Whether you call them buyer personas (or personae) or customer avatars, it’s never too late to develop them. If you work in marketing or closely with marketing colleagues you will know that the way we group our customers together (segmentation) and choose who to market to (targeting) has changed. Content Marketing has taken us on a journey: from customer segmentation models, marketing to easily defined ‘groups’ of customers to developing buyer personas. We have gone from mass communication to a more personal, visceral understanding of what our customers really want to know.
Marketing has changed.
Customer profiling used to rely upon historical data, past purchase, demographics (age, gender, occupation, etc) and psychographics (values, attitudes, lifestyles, etc).
Then along came social media. At last, we could not only speak to people directly online, but also hear what they had to say about us. And everything else.
Gradually, the old ways of segmenting and targeting are being replaced by a new kind of customer profile.
Old style database building depended on contact data. This was often the starting point, whether it was the business cards you’d collected or a database you’d bought. You will probably have added in customer data and prospect – people who’ve made an enquiry.
You may have first and last name and email address, possibly with other contact details. You may also have some sales data on them and an idea of what their role is within the business.
But is that it?
You can’t create engaging content for your customers if you don’t know anything about them.
You can’t talk to your customers as real people if you just have them as a nameless group on your database, i.e. “lead”, “suspect”, “prospect”. It’s not personal enough.
The customer data businesses have is not the same as customer insight.
… to Buyer Personas
Sometimes called avatars, or customer avatars, buyer personas help us to move beyond broad brush assumptions about our customers or potential customers to something more relevant.
Relevant to them, that is.
And much more personal.
What we’ve learned about our customers is that, surprise surprise, they’re people. Individuals. Complex, quirky and highly unique. In fact, just like us!
How do you get closer to your customer and create great content, web pages and sales materials they will love?
“Customer data is NOT customer insight!”
Your customer’s journey is changing too.
Recent research shows that potential customers are looking at 12 or more sources of information before making a new purchase online. If they’ve never bought that type of thing online before, or more importantly, they’ve never bought online from you before, they want a lot more information. And reassurance.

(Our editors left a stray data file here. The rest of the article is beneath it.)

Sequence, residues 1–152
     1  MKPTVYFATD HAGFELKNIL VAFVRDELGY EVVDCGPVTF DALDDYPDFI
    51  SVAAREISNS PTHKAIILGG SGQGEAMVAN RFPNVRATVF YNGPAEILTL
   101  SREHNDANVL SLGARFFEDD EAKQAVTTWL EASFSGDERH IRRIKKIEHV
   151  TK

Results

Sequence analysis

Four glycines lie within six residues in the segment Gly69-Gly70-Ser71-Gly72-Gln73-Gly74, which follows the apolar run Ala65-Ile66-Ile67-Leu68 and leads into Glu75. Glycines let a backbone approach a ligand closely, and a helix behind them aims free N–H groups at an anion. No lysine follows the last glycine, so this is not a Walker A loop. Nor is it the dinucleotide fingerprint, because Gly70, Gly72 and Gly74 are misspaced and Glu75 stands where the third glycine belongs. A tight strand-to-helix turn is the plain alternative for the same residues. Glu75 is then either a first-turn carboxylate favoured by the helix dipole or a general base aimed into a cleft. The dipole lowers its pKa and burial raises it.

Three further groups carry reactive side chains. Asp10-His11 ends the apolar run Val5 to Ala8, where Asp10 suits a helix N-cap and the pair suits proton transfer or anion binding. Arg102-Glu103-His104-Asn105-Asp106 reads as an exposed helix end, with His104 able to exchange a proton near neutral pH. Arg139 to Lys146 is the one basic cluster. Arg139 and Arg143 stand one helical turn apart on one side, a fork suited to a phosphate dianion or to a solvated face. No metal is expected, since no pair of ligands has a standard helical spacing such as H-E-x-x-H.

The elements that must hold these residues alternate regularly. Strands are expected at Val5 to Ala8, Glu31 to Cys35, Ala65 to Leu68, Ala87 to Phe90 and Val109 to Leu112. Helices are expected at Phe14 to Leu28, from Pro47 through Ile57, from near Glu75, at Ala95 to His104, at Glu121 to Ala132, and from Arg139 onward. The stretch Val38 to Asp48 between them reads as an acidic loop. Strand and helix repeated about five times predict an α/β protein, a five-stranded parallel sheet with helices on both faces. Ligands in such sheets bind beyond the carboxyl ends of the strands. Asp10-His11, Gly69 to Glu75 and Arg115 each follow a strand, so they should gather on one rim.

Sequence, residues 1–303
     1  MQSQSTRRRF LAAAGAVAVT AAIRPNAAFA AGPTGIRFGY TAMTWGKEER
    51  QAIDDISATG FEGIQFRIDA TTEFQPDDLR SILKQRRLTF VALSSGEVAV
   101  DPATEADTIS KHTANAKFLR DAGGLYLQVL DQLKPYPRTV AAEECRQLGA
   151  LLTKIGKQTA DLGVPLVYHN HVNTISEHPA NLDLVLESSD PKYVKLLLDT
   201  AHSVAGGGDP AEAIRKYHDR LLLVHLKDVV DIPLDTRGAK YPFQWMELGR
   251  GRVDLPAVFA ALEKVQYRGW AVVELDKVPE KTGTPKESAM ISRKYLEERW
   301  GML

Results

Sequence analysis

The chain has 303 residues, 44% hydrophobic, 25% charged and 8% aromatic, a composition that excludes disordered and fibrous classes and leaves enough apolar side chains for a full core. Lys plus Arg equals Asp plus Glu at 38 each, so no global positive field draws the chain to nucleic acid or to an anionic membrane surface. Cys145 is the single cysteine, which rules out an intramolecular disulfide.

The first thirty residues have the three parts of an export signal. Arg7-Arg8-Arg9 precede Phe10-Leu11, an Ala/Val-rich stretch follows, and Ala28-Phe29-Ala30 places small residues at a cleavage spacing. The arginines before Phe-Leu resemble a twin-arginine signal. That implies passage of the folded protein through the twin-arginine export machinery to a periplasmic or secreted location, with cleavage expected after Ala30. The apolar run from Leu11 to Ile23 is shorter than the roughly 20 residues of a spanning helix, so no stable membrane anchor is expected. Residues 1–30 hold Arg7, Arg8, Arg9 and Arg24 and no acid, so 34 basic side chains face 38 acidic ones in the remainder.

That’s a lot more marketing.
If you want (and need) to show up in all these different places, a website and a few leaflets just don’t cut it anymore.
Businesses need to be more active in creating a variety of content. And you need to appeal to different consumption patterns, as well as different learning styles across:
word, pictures, film & sound
With blogging, videos, infographics, email marketing, podcasts and other forms of content, along with a more strategic use of social media, you will succeed in providing good quality information at each stage of your customer’s journey.
What does your customer’s journey look like?
You don’t know when your customer is going to move on to the next stage in their decision making. You have to be there, whenever they are ready. You now have more, many more places to share links to the content on your website, including information about your products and services.
Curation, creation and the 80:20 rule
Remember, sharing other people’s content is really valuable too. Collate and share thoughtfully and you will help your customer find the best solution for them. You will also position your brand very clearly in the mind: they will know what you care about.
Your sales, customer services and services teams may have insights that you, the marketer, don’t have.
Content Marketing is the bridge between sales and marketing.
We’ll be looking at how to involve the sales team more in your content marketing in this series of blogs.
What key insights can marketers learn from the sales team?
It’s not easy to get sales and marketing working in harmony but we share tips and real life examples from the sales and marketing teams we’ve worked with – saving you time, money and heartache.
We hope you’ve enjoyed Why tour Sales Team holds the key to Content Marketing. Why not check out the other blogs in the series:
- Why Your Sales Team Holds the Key to Content Marketing
- Content Marketing and the Inbound Funnel
- Content Marketing: from Segmentation to Buyer Personas
- Why your Buyer Personas Need the Sales Team’s Customer Insight
- Buyer Personas: Top 10 Questions for Your Sales Team
Or if video is your preferred content type, click here to view the recording.
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